HPV vaccines prevents infection in the oral cavity.

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23Jul

hpv vaccine will prevent throat cancers

Great news from Costa Rica about the efficacy of the HPV vaccine at preventing HPV infections in the oral cavity.  This recent study where samples were taken from the throat in vaccinated and unvaccinated ladies in Costa Rica shows that the vaccine prevents infection in the oral cavity.

This is fantastic news for all those campaigning to extend HPV vaccination to include boys as standard.  The revelation that HPV causes throat cancer is a fairly recent discovery and there has been very little research done on the efficacy of the vaccine in the mouth and throat, until now. This study shows that all the medical experts who have added their voice to our campaign are correct in their assumption that HPV vaccine will prevent throat cancer. 

This recent study comes at a time when HPV has been linked to a third of all throat cancers . We are in the middle of an epidemic of HPV related cancers and we need to take action to save lives.

we must start vaccinating boys now.

While this research is very welcome it has to lead to action. Currently in the UK only girls are given the HPV vaccine and boys can only get the vaccine in the private sector. This means to vaccinate boys it can cost up to £500, not an option for many people, especially in times where money is tight for many families.  

Throat Cancer Foundation have been arguing since our inception that HPV does not recognise gender and HPV cancers affect both boys and girls. This is a gender neutral virus which demands a gender neutral vaccine. Not only will HPV vaccination for boys offer greater protection to girls from cervical cancer but will protect boys from throat cancer, anal cancer and penile cancer. The arguments against vaccination of boys range from cost to the assumption that herd immunity will protect boys from HPV. 

the trouble with herd immunity

Herd immunity is the belief that by vaccinating the majority of girls then by extension, boys will not be infected by HPV. Now, this argument might have held some weight in the past; when travel was extremely limited but we live in a highly mobile global society. People think nothing of travelling thousands of miles on holiday, working across continents and thousands travel to the UK each week to live, to study and to go on holiday. If we are relying on boys from the UK not straying outwith the herd and having no contact with people from countries with low vaccination rates, then we are wilfully ignoring the realities of modern life.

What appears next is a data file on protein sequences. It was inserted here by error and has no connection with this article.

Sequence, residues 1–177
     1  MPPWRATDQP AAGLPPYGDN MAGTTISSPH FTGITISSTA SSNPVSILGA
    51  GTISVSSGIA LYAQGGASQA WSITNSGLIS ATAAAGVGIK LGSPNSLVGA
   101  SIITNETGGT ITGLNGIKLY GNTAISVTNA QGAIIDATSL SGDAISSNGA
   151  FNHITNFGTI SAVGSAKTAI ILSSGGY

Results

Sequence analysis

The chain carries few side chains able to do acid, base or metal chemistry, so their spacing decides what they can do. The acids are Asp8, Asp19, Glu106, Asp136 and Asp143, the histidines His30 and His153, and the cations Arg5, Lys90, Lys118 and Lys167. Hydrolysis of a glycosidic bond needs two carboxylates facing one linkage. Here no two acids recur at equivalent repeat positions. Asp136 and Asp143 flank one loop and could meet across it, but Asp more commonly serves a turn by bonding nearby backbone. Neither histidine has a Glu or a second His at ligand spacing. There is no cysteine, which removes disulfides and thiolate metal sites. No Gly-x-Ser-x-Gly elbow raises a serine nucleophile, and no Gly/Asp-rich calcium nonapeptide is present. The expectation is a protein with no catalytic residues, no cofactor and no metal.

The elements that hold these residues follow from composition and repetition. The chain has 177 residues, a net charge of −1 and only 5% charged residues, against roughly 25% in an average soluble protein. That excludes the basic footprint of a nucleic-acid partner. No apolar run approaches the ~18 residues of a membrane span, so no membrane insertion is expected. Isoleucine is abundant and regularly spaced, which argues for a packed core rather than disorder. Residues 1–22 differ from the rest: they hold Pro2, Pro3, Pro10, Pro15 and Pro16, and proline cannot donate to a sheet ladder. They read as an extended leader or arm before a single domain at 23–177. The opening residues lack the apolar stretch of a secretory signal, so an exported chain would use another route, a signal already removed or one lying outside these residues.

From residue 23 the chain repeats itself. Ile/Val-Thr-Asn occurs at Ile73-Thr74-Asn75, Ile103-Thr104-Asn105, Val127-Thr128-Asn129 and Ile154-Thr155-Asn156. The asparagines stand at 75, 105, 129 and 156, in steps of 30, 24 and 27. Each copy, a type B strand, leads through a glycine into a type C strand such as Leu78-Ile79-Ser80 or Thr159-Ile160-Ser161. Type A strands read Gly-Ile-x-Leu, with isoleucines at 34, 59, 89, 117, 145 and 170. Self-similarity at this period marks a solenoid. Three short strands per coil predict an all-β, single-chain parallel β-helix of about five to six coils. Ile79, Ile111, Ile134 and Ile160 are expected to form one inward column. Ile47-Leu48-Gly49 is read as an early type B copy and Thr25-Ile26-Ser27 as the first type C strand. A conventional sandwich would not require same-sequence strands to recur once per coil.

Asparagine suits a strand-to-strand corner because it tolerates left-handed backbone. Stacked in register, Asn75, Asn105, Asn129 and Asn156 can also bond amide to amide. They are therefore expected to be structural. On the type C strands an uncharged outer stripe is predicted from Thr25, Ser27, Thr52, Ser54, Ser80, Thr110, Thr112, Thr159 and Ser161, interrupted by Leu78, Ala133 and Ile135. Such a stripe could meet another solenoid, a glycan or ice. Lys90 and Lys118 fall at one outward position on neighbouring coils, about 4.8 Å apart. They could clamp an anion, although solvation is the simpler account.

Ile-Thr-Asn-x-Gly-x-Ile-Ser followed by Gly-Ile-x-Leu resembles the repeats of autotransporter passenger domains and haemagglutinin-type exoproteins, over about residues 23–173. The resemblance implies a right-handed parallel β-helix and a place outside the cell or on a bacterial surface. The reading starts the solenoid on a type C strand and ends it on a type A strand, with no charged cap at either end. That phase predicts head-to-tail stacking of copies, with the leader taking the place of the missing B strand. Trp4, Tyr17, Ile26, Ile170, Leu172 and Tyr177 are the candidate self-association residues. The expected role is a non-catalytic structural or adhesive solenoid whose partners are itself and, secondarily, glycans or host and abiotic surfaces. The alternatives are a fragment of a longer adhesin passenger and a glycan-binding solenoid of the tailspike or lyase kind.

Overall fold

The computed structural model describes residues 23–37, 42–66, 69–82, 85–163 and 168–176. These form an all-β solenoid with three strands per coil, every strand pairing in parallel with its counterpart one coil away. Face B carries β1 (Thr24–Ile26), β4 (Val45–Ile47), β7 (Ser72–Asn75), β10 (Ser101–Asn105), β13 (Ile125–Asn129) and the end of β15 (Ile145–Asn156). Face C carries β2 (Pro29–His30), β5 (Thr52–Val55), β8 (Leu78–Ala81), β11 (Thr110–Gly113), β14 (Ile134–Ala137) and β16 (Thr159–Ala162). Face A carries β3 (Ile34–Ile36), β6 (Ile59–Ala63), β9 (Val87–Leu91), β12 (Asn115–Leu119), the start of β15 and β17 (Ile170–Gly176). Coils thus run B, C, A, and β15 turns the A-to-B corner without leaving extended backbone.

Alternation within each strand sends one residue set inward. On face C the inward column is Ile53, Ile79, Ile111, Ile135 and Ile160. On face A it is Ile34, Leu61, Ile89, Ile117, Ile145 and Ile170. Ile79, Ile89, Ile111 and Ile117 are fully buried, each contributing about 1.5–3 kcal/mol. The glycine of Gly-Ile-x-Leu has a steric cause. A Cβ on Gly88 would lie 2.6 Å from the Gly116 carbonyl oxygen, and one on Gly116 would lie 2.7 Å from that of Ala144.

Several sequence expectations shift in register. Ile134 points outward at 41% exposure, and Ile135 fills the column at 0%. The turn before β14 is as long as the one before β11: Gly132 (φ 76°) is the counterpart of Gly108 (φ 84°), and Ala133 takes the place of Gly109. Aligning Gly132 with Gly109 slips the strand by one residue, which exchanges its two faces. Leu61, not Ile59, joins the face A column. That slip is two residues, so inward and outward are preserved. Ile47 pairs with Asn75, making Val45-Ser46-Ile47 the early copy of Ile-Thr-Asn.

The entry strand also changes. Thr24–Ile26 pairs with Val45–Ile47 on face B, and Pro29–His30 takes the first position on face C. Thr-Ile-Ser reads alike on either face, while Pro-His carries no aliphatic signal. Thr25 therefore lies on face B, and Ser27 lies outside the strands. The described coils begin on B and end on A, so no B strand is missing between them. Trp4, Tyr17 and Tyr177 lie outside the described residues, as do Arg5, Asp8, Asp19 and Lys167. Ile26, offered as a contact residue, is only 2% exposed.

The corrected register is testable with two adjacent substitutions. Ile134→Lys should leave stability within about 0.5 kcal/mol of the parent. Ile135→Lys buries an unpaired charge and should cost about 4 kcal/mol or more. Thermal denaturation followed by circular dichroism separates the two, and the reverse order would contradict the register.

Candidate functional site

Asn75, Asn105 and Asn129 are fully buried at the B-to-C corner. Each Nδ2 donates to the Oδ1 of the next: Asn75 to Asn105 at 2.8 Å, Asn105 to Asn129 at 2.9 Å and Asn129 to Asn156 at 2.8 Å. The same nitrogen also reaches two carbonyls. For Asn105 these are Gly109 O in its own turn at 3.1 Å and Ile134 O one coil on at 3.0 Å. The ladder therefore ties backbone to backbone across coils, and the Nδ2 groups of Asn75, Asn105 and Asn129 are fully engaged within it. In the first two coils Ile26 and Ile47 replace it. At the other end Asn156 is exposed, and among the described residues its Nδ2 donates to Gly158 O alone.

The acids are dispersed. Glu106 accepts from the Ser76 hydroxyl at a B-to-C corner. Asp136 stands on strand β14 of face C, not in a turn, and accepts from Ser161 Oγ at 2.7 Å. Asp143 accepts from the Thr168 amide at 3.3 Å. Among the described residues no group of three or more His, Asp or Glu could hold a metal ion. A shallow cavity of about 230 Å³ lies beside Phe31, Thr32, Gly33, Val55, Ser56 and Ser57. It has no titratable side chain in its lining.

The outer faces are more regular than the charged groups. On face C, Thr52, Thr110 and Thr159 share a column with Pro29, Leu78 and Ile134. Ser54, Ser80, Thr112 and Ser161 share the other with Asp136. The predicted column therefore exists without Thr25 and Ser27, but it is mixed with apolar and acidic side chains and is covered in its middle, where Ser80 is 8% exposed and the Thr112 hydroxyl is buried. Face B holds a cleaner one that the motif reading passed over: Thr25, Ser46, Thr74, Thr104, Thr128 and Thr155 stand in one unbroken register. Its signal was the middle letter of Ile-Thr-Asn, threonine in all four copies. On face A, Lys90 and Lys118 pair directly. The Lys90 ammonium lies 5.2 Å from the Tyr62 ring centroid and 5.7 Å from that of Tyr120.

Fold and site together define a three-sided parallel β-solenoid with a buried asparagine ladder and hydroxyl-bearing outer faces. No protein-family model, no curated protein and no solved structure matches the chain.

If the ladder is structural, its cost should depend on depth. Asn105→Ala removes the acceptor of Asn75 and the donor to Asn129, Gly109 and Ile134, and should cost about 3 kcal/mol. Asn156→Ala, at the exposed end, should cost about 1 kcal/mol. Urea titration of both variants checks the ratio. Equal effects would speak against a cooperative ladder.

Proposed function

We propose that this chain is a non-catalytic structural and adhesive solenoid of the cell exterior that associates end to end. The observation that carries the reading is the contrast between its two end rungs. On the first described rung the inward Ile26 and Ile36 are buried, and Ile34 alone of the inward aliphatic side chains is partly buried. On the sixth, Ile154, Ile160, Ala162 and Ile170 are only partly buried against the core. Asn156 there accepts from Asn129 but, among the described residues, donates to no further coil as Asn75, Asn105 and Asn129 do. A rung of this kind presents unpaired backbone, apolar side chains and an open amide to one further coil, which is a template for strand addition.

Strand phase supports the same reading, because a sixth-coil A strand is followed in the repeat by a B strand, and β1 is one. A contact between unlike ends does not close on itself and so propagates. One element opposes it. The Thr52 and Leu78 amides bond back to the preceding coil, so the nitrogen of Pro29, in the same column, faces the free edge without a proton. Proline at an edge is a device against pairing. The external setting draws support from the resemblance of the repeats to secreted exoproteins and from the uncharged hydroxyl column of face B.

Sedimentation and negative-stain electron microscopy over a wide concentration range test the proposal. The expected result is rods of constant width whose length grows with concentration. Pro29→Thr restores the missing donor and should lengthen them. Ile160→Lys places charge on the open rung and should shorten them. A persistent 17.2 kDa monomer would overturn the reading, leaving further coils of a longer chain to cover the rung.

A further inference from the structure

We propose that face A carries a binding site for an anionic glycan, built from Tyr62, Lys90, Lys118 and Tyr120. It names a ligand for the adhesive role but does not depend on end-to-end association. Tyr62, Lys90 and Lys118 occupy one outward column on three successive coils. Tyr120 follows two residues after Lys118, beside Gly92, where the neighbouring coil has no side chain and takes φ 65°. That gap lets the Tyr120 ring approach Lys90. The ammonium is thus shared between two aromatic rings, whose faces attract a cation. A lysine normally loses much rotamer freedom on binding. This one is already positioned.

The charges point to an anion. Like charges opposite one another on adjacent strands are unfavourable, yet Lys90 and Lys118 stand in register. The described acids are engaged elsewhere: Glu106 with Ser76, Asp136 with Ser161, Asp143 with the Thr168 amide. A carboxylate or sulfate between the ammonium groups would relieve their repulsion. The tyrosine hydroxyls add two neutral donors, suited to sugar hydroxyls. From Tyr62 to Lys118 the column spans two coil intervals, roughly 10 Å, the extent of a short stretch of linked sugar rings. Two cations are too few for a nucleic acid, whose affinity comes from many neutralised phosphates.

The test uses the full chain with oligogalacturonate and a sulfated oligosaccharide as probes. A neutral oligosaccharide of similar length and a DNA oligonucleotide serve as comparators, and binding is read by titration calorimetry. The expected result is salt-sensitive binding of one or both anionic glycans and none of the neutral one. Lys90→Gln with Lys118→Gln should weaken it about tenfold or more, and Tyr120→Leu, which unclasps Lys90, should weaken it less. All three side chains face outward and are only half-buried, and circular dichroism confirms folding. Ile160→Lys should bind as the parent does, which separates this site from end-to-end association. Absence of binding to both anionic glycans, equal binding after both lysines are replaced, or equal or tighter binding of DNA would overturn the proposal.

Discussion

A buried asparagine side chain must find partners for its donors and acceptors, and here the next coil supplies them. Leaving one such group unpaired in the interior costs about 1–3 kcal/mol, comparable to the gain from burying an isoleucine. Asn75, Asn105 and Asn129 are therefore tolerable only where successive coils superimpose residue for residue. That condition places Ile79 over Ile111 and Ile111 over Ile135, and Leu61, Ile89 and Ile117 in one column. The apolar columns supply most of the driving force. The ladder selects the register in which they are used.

Furthermore, a policy which relies on herd immunity excludes entirely men who have sex with other men (MSM) . There is absolutely no protection for MSM under the current guidelines. This is a shocking state of affairs and has to be addressed.  The BMA already recommends that MSM get the vaccine, especially to protect against anal cancers. The HPV vaccine is most effective when given prior to sexual activity (hence why girls get the vaccine age 12) . We would question why recommend a vaccine to sexually active men when blanket vaccination offers the best protection? Why waste money on expensive media and PR campaigns when that money would be better spent extending the outstanding female HPV vaccination programme to include boys?  Experts agree and by making this change we can save lives, prevent suffering and make the UK a beacon of equality and place us at the vanguard of cancer protection.

If you want to learn more about the work we are doing to make this happen, click here for more our latest campaign news and add your voice to the clamour for the cancer preventive HPV vaccine to be offered to everyone. HPV causes death and suffering every hour of the day and we can take action to prevent it. A gender neutral infection demands a gender neutral vaccine. 

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